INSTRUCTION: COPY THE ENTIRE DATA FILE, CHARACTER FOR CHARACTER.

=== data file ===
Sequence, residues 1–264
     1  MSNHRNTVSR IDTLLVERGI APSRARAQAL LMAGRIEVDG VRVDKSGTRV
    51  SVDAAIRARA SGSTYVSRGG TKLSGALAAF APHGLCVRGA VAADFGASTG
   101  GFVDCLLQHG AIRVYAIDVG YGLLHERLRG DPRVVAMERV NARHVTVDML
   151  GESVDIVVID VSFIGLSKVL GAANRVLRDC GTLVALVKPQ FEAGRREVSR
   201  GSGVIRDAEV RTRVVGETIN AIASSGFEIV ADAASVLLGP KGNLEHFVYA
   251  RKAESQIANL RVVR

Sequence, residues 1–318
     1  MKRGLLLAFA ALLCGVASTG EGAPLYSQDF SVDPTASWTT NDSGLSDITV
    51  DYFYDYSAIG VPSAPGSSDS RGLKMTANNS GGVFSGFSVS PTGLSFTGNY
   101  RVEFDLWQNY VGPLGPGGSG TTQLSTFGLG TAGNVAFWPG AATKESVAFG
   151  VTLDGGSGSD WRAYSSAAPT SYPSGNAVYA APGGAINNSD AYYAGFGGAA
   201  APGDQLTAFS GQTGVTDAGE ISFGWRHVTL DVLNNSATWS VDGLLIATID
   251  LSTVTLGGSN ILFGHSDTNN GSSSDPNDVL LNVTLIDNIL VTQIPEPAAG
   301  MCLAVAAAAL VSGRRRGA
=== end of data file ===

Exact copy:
Sequence, residues 1–264
     1  MSNHRNTVSR IDTLLVERGI APSRARAQAL LMAGRIEVDG VRVDKSGTRV
    51  SVDAAIRARA SGSTYVSRGG TKLSGALAAF APHGLCVRGA VAADFGASTG
   101  GFVDCLLQHG AIRVYAIDVG YGLLHERLRG DPRVVAMERV NARHVTVDML
   151  GESVDIVVID VSFIGLSKVL GAANRVLRDC GTLVALVKPQ FEAGRREVSR
   201  GSGVIRDAEV RTRVVGETIN AIASSGFEIV ADAASVLLGP KGNLEHFVYA
   251  RKAESQIANL RVVR

Sequence, residues 1–318
     1  MKRGLLLAFA ALLCGVASTG EGAPLYSQDF SVDPTASWTT NDSGLSDITV
    51  DYFYDYSAIG VPSAPGSSDS RGLKMTANNS GGVFSGFSVS PTGLSFTGNY
   101  RVEFDLWQNY VGPLGPGGSG TTQLSTFGLG TAGNVAFWPG AATKESVAFG
   151  VTLDGGSGSD WRAYSSAAPT SYPSGNAVYA APGGAINNSD AYYAGFGGAA
   201  APGDQLTAFS GQTGVTDAGE ISFGWRHVTL DVLNNSATWS VDGLLIATID
   251  LSTVTLGGSN ILFGHSDTNN GSSSDPNDVL LNVTLIDNIL VTQIPEPAAG
   301  MCLAVAAAAL VSGRRRGA